Since so few translators of Asian literature are contemplatives, and thus can never really understand the subtleties of what they are translating, Jhanananda has been learning Pali and Sanskrit and has begun to edit these highly biased translations, into readable English that reflect an understanding of cognition and gnosis.
He is also the founder of the Great Western Vehicle, which is a 4th wheel engaged Ecstatic Contemplative Buddhist tradition that seeks to teach Buddhist philosophy and contemplative practices within the context of any culture or religious tradition. The GWV does not expect nor require conversion to Buddhism.
Jhanananda’s main interest all along has been the study of the mystics, such as Sidharta Gotama; Christian contemplatives, such as Saints Francis of Assisi, Bernard of Clairvaux, Teresa of Avila and John of the Cross; Sufi mystics al-Hallaj, Rumi and Kabir; Kabbalists Isaac Luria and the Ba’al Shem Tov of Turin; and Hindu mystics, such as Sankara, Sri Ramakrishna and Ramana Maharshi. Through the study of the lives and teachings of these mystics and others, Jhanananda has found enlightenment is not the exclusive possession of a people, time or place, but is available to all peoples, at all times, in all places.
As an Anthropologist, Jhanananda has also studied a wide range of shamanic traditions from Aborigine to Zuni. While studying Anthropology, he was not content with observing the minutia of a culture's religious practices from an armchair, he wanted to understand them from the inside out, so he participated in fire ceremonies, sweat lodges, vision quests and fasts; he lived in ashrams, chanted and prostrated, practiced meditation and dzikr, until he had the attainments the mystics had spoken of.
Jhanananda thus speaks from personal experience regarding the subjective experiences of the mystics, because he lives his contemplative life, and it has born fruit (phala). Thus he is qualified to advise students at any level of meditation experience. Do feel free to write Jhanananda if you have questions about your spiritual experiences in meditation. If you write please realize that he only comes to town to check his email once every week, so it may take a week or two for a reply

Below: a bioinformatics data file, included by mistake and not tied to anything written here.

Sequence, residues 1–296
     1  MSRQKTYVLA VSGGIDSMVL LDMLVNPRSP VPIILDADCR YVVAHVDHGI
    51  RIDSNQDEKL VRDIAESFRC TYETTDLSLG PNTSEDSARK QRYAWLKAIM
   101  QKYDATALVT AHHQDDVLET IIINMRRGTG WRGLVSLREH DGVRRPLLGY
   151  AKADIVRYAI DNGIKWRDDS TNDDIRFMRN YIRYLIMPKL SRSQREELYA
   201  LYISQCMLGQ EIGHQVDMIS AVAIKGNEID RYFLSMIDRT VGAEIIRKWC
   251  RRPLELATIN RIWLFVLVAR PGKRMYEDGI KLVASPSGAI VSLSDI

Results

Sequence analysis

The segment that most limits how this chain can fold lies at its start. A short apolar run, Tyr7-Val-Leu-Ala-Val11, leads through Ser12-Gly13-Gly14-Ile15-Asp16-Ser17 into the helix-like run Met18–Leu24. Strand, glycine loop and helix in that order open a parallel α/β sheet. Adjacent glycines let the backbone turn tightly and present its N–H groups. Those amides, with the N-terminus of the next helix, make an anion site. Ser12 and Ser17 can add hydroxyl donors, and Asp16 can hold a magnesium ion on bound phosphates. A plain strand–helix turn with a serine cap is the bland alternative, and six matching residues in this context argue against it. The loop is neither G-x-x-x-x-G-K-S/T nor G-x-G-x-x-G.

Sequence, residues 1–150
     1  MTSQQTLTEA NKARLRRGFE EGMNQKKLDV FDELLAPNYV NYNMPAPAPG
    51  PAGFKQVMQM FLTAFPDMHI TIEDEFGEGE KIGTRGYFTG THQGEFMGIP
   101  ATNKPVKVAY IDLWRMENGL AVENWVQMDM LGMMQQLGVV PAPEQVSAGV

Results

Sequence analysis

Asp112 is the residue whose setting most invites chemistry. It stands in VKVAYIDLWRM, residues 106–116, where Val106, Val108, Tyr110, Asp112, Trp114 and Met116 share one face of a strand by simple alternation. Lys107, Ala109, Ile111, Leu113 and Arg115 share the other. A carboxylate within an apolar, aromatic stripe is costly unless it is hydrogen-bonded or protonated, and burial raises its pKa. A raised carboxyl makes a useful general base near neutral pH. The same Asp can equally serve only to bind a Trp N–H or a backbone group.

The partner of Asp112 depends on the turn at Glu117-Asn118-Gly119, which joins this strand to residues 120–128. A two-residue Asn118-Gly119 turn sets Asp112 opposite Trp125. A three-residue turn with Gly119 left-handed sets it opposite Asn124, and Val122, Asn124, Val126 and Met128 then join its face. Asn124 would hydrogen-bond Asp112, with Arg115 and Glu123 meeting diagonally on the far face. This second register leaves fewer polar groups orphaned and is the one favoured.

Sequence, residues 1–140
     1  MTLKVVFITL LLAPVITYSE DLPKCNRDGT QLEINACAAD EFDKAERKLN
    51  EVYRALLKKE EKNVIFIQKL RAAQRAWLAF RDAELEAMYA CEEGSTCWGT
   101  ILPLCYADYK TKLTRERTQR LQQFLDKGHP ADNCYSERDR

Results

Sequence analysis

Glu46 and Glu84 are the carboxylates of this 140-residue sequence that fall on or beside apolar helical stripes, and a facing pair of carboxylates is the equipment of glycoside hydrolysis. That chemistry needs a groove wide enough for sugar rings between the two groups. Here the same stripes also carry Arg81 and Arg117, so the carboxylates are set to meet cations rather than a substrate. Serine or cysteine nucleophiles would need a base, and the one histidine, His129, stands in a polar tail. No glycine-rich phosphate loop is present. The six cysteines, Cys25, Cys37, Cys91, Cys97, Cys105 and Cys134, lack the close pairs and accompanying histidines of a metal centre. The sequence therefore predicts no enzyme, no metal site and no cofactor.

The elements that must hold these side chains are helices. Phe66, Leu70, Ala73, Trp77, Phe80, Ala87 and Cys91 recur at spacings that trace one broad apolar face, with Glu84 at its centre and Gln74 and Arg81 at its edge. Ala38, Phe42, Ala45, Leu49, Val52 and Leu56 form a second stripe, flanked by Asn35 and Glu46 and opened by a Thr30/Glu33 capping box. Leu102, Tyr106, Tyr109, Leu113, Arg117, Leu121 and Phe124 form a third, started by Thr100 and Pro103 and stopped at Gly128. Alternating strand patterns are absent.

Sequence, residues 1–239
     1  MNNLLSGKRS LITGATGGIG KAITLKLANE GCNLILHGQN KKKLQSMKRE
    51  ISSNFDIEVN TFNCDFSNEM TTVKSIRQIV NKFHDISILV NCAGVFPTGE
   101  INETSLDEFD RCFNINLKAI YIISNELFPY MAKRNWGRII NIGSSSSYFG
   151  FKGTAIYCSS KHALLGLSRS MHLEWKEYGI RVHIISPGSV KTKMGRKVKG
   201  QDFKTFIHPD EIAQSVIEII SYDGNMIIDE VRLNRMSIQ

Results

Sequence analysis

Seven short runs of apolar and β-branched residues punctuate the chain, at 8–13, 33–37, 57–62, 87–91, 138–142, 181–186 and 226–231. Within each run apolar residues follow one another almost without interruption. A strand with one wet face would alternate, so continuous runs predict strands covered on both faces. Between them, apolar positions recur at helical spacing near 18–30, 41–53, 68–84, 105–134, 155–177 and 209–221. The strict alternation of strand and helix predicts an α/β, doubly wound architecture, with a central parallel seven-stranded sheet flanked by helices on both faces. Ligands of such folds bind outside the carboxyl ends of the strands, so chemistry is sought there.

Jhanananda has maintained a journal of his life and subjective experiences throughout the 3 decades of his spiritual journey. Those journals are now becoming available.
Jhanananda is available to lecture on Buddhism, the mystics, the joy of meditation, the practices that leed to the joy of the contemplative lifeand dhamma studies. He is available to give public dhamma talks, lectures, poetry readings, public exhibitions of his art work and photography, workshops and retreats. If you are interested in schedualing Jhanananda for an event feel free to email him Jhanananda
PLEASE NOTE: Jhanananda (Jeffrey S. Brooks) is not affiliated with any lineage, teaching, method, tradition, religion or ideology other than his own; he is not part of any movement or organization other than his own, nor has he been sent out by anyone to teach. Jhanananda is an independent contemplative mystic, writer, teacher, speaker, artist and poet who has no spiritual affiliation of any kind other than with his own organization, the Great Western Vehicle. He has no guru, nor is he endorsed by one. He is not anyone’s disciple, devotee, representative or student.
Jhanananda did not find a single contemplative tradition or priest class that understood either the path (magga) to attainment or the attainments (phala). Instead he found the contemporary contemplative traditions bound up in myth and folklore. He is outspoken about his insights and attainments, and has thus incurred the wrath of some of the more narrow minded factions of the orthodoxy of some intolerant religions, who have become incensed with Jhanananda's free and open ways of communication and have thus instituted a boycott against his work. Finding his retreats and classes habitually canceled at the last minute due to this boycott Jhanananda has taken refuge in the National Forest until people realize that the priest class of all religions, including Buddhism, have been the same all throughout history, they have never been more than self-serving instruments of the hegemony.